Et cette question est tout à fait intéressante: qu’ils soient graphistes ou directeurs artistique, comment répondent-ils à une commande? Certains disent que les "webdesigners are the new rock stars", mais qu'en est-il de leur façon de travailler: Lorsqu’ils créent, lorsqu’ils travaillent, pensent-ils en termes de formes ou en termes de processus de création; ont-ils clairement une vision de leur image finie, ou découle-t-elle uniquement d'un processus de création pensée en amont?
C'est ce que Manystuff a demandé à 37 graphic designers, certains connus, d'autres moins, mais pour qui globalement, même si la démarche de départ n'est pas la même, sont d'accord sur un point: la recherche de cohérence entre le projet de départ (la commande) et le résultat final, la production d'un travail qui a du sens.

Pour la grande majorité, ils partent sans idée précise du résultat, sans visualiser l'image finale. " I barely have a clear vision of the final image, which is good, otherwise it would be boring", said Geneviève Gauckler. "I very rarely have an idea how a project is going to turn out, and for me that's half the fun" said Craig Ward. "It's much more exciting" said We Work for Them.
Se surprendre, rendre son travail excitant sont des leitmotiv récurrents dans leur démarche. "Surprise yourself!" said Philip Morris.
Et la question des outils ? De l’ordinateur aux crayons de couleurs, les possibles sont multiples et variés. Ainsi, arriver au bout d'un projet est une succession d'expérimentations, de tentatives, de refus ou d'approfondissement. "… discover the best solution to it through experimentations", Sam Baldwin. "Almost everything I did came from experimenting, from the creation process, trying things, looking at it, trying something else…", Denny Backhaus.
Le plaisir du travail, la surprise et la recherche, l'expérience.
Du plaisir certes, mais aussi des « problems ». Comme un écolier face à son exercice de mathématique, le graphic designer doit trouver la réponse, la meilleure, au problème posé, à la commande. "I see a finishes piece as a resolution to a problem", Sam Baldwin. Pour ceux qui travaillent en groupe, la résolution de ce problem passe par une réflexion collective, la confrontation d'idées, la discussion et le travail commun. Pour Madame Paris, "le processus de création se fait par addition… un concept qui serait né de deux cerveaux en même temps… concept à quatre mains". Pour Johan Prag, "more interesting still is giving other people – photographer, stylist…- space to reinterpret the original idea. Then taking it somewhere unexpected- expanding the limits of the original vision".
Certains se nourrissent d’images, leur regard pris dans les flux continus de formes, de couleurs, d’idées ; c’est ce qu’évoquent Travis Stearn ou encore Florence Tétier lorsqu’elle explique qu’elle aime se « replonger dans l’univers pictural qui lui parle le plus ».

Manystuff, investiguant quotidiennement sur la grande toile, propose à ses visiteurs de découvrir de nouveaux graphistes, et donc de nouvelles manières d’appréhender la création graphique. Il s’agit, avec ABOUT THE PROCESS, d’aller, dans le même sens, et plus loin encore. En effet, alors qu’aujourd’hui les livres d’images abondent, rares sont ceux qui se posent véritablement la question du cheminement de leur création. ABOUT THE PROCESS se veut donc un instantané de la création graphique contemporaine, en laissant s’exprimer ses créateurs ; un aperçu de la méthode de travail ainsi que de la réflexion de designers graphiques aujourd'hui.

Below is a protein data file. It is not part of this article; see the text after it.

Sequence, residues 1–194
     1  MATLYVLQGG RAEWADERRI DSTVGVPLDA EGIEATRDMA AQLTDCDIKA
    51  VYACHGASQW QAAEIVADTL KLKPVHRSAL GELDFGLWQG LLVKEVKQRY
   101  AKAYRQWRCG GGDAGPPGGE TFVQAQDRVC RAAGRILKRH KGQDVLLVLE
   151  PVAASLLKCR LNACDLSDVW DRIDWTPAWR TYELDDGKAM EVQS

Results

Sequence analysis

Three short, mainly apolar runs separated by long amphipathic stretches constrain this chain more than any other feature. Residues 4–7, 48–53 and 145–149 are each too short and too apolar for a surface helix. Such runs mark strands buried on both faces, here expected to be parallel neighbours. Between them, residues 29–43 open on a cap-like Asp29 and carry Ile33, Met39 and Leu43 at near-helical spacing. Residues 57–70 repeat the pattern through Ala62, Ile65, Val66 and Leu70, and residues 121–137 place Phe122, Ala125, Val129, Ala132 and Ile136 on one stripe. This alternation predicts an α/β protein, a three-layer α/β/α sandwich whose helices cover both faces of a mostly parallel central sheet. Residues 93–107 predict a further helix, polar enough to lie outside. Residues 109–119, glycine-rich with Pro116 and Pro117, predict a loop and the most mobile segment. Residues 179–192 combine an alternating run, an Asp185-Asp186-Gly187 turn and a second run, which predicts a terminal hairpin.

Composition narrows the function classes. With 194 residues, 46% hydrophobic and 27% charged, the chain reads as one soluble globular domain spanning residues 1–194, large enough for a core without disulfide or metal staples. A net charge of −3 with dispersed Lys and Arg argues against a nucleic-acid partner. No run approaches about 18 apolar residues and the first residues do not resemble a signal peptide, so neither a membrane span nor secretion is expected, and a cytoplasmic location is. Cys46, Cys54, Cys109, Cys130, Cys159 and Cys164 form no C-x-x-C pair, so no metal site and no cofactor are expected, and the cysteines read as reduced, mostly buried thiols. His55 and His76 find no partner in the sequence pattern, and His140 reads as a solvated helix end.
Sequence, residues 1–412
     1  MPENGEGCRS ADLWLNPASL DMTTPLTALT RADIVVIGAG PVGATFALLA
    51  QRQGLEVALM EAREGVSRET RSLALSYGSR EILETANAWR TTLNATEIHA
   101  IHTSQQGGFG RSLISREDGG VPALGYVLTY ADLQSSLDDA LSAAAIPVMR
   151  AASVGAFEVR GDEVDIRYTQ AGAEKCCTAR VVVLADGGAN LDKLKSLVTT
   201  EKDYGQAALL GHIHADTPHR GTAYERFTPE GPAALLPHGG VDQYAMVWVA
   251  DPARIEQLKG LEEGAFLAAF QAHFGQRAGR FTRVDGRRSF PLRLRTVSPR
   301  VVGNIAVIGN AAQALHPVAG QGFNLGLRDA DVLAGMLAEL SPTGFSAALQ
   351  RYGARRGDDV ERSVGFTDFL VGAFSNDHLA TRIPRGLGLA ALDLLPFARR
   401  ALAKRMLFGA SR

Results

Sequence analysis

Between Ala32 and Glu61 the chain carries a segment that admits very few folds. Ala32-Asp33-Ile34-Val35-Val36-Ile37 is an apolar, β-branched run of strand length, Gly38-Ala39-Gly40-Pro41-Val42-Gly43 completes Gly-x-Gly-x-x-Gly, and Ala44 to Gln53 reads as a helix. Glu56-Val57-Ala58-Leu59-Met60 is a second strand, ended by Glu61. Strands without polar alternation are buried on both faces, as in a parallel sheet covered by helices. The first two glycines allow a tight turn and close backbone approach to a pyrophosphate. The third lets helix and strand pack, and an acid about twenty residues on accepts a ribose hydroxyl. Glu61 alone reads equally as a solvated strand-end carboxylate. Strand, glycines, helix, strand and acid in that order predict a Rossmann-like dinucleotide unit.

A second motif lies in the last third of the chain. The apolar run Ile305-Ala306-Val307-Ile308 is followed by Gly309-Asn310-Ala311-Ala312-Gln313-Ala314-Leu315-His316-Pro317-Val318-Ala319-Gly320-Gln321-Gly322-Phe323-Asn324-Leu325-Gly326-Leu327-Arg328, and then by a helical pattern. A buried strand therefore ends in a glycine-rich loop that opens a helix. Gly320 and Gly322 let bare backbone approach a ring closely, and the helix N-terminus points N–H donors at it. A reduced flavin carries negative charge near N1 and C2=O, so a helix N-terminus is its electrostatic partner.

Charlotte Cheetham, Manystuff



Merci à tous les participants:
Sam Baldwin, 
Jean-Marc Joseph (Base), 
 Stanislas Chepurnov (BRND), 
 Hanna Nilsson (Bygg Studio),
Conor and David, 
Tim Schmitt & Johannes Spitzer ( Coolmix ), Justin Fines (Demo Design), 
Simon Dixon & Aporva Baxi (DixonBaxi), Yoann Dovier, 
Dronecorp, Daniel Eatock, Genevieve Gauckler, 
 James Falconer (Hello Jim), Pete Hughes (Workswatch), Travis Stearn ( I am Mint Condition), Hjalti Karlsson & Jan Wilker (Karlssonwilker), Corentin Pirard (Kotje), Alexandra Ruiz & Sandrine Pelletier (Madame Paris), Magnus (GrandPeople), Geoff McFetridge, Morris Philip, Craig Ward (Nowherehead), 
 Joao Machado (Ogiva design), Pleix, James Goggin (Practise), Johan Prag, 
Qian Qian, Andy Rouse ( The Graphic Aware), Xavier Encinas (Rumbero Design), 
Jason Tam (Son of Tam ), Stefanie Barth & Julie Hirschfeld ( Stiletto), Florence Tétier, Pierre Vanni, Damien Vignaux , We Work For Them, Ryan Miglinczy (Yeti vs Yeti), Denny Backhaus (Zucker und Pfeffer ).




Cet article a été écrit pour et a servi de base à l'article, "remanié", publié par PingMag
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Pierre Vanni




 


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Geneviève Gauckler







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Philip Morris







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Practise







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I am Mint Condition








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Damien Vignaux








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Florence Tétier








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Yoann Dovier









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Madame Paris




Publié dans Graphic'design

Commenter cet article

felipov 20/04/2007 13:29

Thanks.
looking forward to read it

felipov 20/04/2007 13:19

I tried to download the pdf.
It doesn't work
 

charlotte c. 20/04/2007 13:24

I know: I am working on itsorry!:Dcharlotte